Excerpted from Cecil Hicks' article "Addicted to Bees" that originally appeared in the American Bee Journal (April 2014).
Wisconsin resident Kent Pegorsch quickly discovered an interest in honey bees when he was introduced to beekeeping by a friend's father while he was still in high school back in the mid-1970's. Within a couple years he went from managing six starter hives to running a commercial level business with more than 300 colonies.
Kent explained that it wasn't long as a young adult before he expanded his bee business again and started selling Dadant beekeeping supplies from the town of Manawa, Wisconsin (current pop. 1,000), which is located in the central region of the dairy state.
In looking back, Kent claimed he was obsessed with beekeeping and the business of it. In fact, it wasn't long before he was also picking up bee package orders in Alabama for his customers and hauling them to Wisconsin.
The love of bees and beekeeping is contagious
He first met his wife Bernadette in the fall of 1982. The previous spring her high school chemistry teacher, Mr. Green (who was also a sideline beekeeper) brought in a package of bees that Kent had sold him. Bernadette remembers her teacher showing the class the bee package and inviting students to come up in front of the classroom to view the bees for a better look.
As she had no interest at all in checking out the bees up close and personal, she was the only person in the class who remained in her seat. Little did she know that a couple years later she would be joining Kent and helping him drive a truck and trailer up Interstate 65 from Alabama to Wisconsin hauling 500 packages of bees.
The truck they drove hauling bee packages at that time was a Ford F-250 with a small tandem axle trailer. Kent said, Bernadette had never driven a stick shift and she had to literally stand on the clutch to hold it down to shift gears.
Bernadette Pegorsch working with our beehives
After they met Bernadette helped with all aspects of beekeeping. They married in 1986 and built a house in the neighboring town of Waupaca (current pop. 6,000). He describes Waupaca as a thriving small community that has the added benefit of 22 spring-fed lakes that comprise the Chain O'Lakes. This region of the state attracts many visitors to the area year round.
According to Kent, numerous family dairy farms used to dot the landscape in Waupaca County, but now very few small farms remain as they've been replaced by a few very large farms. Most of the fields have been increased in size, fence rows removed and the main crops planted are corn and soybeans. Since the family dairy farms have all but gone away, there are fewer alfalfa fields and the ones that do exist are cut prior to, or right at bloom. "Years ago, I had bees on the Amish farms that used to be in the area and they planted a lot of yellow sweet clover fields that are no longer part of the agriculture landscape around here."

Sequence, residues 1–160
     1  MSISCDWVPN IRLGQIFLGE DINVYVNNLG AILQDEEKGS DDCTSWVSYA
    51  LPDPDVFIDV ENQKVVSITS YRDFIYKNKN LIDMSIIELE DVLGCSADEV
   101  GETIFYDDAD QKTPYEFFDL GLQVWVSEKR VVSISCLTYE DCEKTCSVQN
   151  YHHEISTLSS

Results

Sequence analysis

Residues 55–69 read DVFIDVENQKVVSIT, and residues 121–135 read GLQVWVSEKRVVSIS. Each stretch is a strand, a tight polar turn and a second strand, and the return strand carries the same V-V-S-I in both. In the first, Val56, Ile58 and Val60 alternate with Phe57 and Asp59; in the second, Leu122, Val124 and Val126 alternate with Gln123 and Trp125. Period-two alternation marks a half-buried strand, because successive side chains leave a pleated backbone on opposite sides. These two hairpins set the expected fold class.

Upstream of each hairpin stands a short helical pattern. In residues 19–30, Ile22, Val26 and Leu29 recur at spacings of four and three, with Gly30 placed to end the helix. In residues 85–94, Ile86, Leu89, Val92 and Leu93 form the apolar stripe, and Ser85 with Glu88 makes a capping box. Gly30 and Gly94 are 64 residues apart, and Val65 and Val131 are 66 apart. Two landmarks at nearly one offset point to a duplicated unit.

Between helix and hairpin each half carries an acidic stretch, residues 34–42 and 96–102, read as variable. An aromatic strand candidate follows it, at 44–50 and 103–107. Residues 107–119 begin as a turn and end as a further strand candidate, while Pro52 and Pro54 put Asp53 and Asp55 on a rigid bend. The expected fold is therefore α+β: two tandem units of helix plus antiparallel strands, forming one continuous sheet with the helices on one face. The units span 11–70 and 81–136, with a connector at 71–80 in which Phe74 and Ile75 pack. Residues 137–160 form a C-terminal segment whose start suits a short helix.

Fresh raw comb honey is our favorite bee product to produce
Kent felt fortunate that he was part of a local bee club during a time period several decades ago in the 1980's when there was a strong support group of people just starting out with their sideline/small commercial beekeeping operations. "I had people who I could chat with about my beekeeping ideas and commiserate with. Even though we were all selling honey in the same relatively small market, we never felt competitive. There always seemed to be more than enough business to go around."
Kent said the man that got him started beekeeping was named Bob Lind, a dairy farmer and sideline beekeeper who managed 35 hives. "His love of bees was contagious and I caught it from him. He not only mentored me with my first hives, but when I helped him with his bees, he'd let me use his honey house to extract my crop."
Our beehives nestled in Waupaca woodland meadows
In summarizing his beekeeping philosophy, he quoted from W. Eric Kelsey's book The Spell of the Honeybee, "The true beekeeper cleaves to his bees in spite of disappointment, loss, tragedy, or worry. Your real apiarist takes his lean and fat years in the aggregate and thinks of the heavy yields he has had in the past, or may have in the future. Losses are balanced against the pleasure he has derived from his bees. Those who hope to make a quick and easy fortune from a few hives should be discouraged at the onset."
In spite of being addicted to bees for over 40 years, Kent Pegorsch has managed to make a living in the business world, marry and raise a family in Waupaca, Wisconsin. Today he remains enthusiastic and dreams about a bountiful honey season that will produce record heavy yields.